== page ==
Where: Arcadia, OK With over 600 types of carbonated beverages from all over the world, Pops Soda Ranch is without a doubt America's number one soda station. And this place is hard to miss with it's 60 feet tall neon bottle towering over the Oklahoma plains. But aside from being a soda lover's haven, Pops also serves home-style hand-dipped milkshakes and has a classic diner menu with nostalgic signature burgers and chicken-fried steak.
Where: Flagstaff, Ariz. There aren’t many places that will prepare fresh guacamole at your tableside, but at Salsa Brava it’s a given. In fact, all meals are made to order and prepared with only the freshest produce and ingredients. And with dishes like a massive stuffed sopapilla, owner and chef extraordinaire John Conley has made Salsa Brava a tasty pit stop on the Great American Highway.
Where: Adrian, Texas The Midpoint Café and Gift Shop is located exactly halfway along Route 66 - 1139 miles from both Los Angeles and Chicago. Owner Joann makes all of her famous "Ugly Crust Pies" from scratch with a crust recipe passed down from her grandmother. The pies’ charm lies in their lumpy, misshapen imperfection; a fact that detracts not a whit from the confections' famously good flavor.
Measuring in at 2,448 miles, and stretching from Lake Michigan to the Pacific, the two lane Route 66 is a road tripper's ultimate getaway. Not only are there plenty of historic (as well as odd) roadside attractions, there are also fantastic restaurants scattered along the route. So pack your bags and follow our guide to our Top 10 unique and delicious eateries along America's quintessential mother road.
Where: Victorville, Cal. Emma Jean’s Holland Burger Cafe may be a trucker’s paradise - but it is a foodie’s paradise as well. Home to the famous Brian Burger, a juicy homemade patty served with green chiles on Parmesan toast, owners Brain and Shauna like to do things the old-fashioned way. That means making everything from scratch and serving generous portions to all who stop in.
Where: Chicago, IL Our first stop on our Route 66 tour is at Lou Mitchells in Chicago. Famous for their bakery fresh pastries and fluffy jumbo omelets, Lou’s is a must for breakfast. Founded by Lou Mitchell’s father in 1923, the second-generation eatery has been in business for over 85 years and still draws a crowd. But you will never go hungry while standing in line; each guest receives complimentary doughnut holes while they wait. Ladies and children are extra lucky because they are also offered milk duds to nibble on!
Where: Albuquerque, N.M. Needing a chile pepper fix? Frontier has got you covered. Located across the street from University of New Mexico, this funky, bright restaurant serves their signature fresh roasted green chiles on just about everything from cheeseburgers to hash browns to eggs. To finish your meal off with something sweet, try their famous buttery Frontier Sweet Roll.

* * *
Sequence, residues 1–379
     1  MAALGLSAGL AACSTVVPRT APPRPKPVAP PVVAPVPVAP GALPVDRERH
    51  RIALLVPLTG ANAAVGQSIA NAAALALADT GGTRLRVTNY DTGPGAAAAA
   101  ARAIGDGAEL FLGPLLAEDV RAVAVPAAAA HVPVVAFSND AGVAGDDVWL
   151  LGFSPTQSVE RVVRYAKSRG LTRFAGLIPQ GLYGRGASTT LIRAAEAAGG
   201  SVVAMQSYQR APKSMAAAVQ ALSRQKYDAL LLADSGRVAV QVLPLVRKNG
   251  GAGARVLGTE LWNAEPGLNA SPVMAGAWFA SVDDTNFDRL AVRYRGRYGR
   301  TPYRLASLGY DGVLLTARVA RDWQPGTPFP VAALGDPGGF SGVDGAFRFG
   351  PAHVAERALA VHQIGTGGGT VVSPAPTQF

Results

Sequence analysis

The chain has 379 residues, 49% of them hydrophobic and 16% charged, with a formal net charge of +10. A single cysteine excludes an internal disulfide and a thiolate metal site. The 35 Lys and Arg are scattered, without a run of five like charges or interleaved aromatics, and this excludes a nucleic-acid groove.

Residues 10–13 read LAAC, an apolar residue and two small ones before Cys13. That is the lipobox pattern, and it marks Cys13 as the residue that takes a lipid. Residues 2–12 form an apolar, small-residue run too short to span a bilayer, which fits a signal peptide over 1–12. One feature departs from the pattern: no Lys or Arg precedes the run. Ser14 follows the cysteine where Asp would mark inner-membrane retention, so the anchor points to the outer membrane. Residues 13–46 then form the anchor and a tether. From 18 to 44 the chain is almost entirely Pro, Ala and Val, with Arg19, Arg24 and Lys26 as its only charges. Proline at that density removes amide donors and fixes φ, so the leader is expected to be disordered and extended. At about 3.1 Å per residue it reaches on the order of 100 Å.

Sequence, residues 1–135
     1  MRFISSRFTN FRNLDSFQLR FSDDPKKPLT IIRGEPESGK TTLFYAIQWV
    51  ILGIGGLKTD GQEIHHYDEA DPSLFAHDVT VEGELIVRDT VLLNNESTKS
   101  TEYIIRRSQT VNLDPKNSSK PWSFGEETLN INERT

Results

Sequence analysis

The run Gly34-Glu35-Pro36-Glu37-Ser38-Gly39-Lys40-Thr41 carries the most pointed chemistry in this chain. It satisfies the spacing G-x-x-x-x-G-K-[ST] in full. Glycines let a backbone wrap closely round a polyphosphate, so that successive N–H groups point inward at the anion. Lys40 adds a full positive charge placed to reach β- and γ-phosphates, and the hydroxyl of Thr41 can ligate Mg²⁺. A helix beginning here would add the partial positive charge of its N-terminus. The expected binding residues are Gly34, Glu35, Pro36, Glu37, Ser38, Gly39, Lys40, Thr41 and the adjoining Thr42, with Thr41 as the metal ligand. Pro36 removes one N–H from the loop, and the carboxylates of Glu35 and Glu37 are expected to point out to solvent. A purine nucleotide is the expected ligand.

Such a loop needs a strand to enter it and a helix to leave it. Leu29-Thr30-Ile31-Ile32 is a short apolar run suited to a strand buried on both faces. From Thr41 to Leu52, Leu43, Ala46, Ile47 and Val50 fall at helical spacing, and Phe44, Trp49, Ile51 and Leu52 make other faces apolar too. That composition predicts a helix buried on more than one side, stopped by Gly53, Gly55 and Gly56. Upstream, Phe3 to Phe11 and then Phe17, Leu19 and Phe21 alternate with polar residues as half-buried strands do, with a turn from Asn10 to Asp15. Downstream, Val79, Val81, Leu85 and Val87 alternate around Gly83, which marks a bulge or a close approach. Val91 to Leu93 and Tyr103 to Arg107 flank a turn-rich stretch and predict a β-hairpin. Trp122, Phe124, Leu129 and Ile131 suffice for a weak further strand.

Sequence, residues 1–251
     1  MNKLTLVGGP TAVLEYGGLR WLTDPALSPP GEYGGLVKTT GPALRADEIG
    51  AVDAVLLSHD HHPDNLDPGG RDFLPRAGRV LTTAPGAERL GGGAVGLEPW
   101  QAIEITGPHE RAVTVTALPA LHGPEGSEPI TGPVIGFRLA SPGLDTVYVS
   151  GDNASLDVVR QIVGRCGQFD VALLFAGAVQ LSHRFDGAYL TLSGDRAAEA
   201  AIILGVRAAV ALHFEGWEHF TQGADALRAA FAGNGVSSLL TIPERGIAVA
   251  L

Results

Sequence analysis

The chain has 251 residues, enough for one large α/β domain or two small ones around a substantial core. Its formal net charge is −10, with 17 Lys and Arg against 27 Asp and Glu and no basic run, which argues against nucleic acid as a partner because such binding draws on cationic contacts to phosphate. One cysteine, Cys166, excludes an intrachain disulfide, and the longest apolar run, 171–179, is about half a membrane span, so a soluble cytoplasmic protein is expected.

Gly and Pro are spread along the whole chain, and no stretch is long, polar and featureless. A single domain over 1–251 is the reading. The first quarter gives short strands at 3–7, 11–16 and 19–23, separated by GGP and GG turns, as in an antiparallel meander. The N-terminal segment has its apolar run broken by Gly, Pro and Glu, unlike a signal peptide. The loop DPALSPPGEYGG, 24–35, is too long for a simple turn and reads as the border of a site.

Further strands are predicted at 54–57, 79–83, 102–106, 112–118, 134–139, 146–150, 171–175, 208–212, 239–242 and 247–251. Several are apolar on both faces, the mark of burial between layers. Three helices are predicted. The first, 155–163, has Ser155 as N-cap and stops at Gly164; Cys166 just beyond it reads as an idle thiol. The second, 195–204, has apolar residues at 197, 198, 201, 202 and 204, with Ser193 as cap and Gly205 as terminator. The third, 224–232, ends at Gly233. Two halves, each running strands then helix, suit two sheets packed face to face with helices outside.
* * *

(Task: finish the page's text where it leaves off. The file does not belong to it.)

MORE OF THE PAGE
Where: Springfield, Ill. The beloved corn-dog we all know and love got started here on Route 66 at the Cozy Dog Drive in. Founded in 1949 by Ed Waldmire Jr., the stand was the first to serve corn-bread covered hotdogs on a stick, coining them “cozy dogs.” Today the historical stand is ran by Ed’s daughter-in-law Sue, and his four grandsons, Josh, Eddie, Tony and Nick. The family continues to sell countless cozys while offering a full breakfast, lunch and dinner menu of American diner-style favorites.
Where: St. Louis, Mo. Coined “frozen concrete”, the custard at Ted Drewes is so unbelievably thick that you can turn your cup upside down and not have a single drop drip out! Founder Ted Drewes Sr. started selling the ultra think concoction on Route 66 back in 1941 and since then, his stand has become a St. Louis landmark. So what is the secret behind their custard being so silky and dense? It’s all in the process. Unlike ice cream, Drewes' frozen custard contains less than 20% overrun (amount of air present) while ice cream typically has 100%.
Where: Baxter Springs, Kan. When Route 66 takes a quick dip into Kansas, Café on the Route is the place to stop for out-of-the-ordinary highway fare. Ran by professional chef Richard Shandell and his wife Amy, this gourmet café serves everything from nut-crusted catfish to top-of-the-line tenderloin. But the eatery hasn’t always been a hopping restaurant - built in 1870, the building was originally Baxter Springs local bank. And as a fun point of interest, rumor has it the bank was robbed in 1876 by American bad boy Jesse James.
Where: Amarillo, Texas Want a perfectly seared 72-ounce sirloin steak for free? The Big Texan Steak Ranch has a (fairly famous) challenge for you: Anyone who can gobble down The Texas King (an aged 72-ounce steak), baked potato, salad, dinner roll and shrimp cocktail in under an hour dines free of charge. A note of caution to consider: more than 50,000 steak-lovers have tried and less than 10,000 have succeeded.
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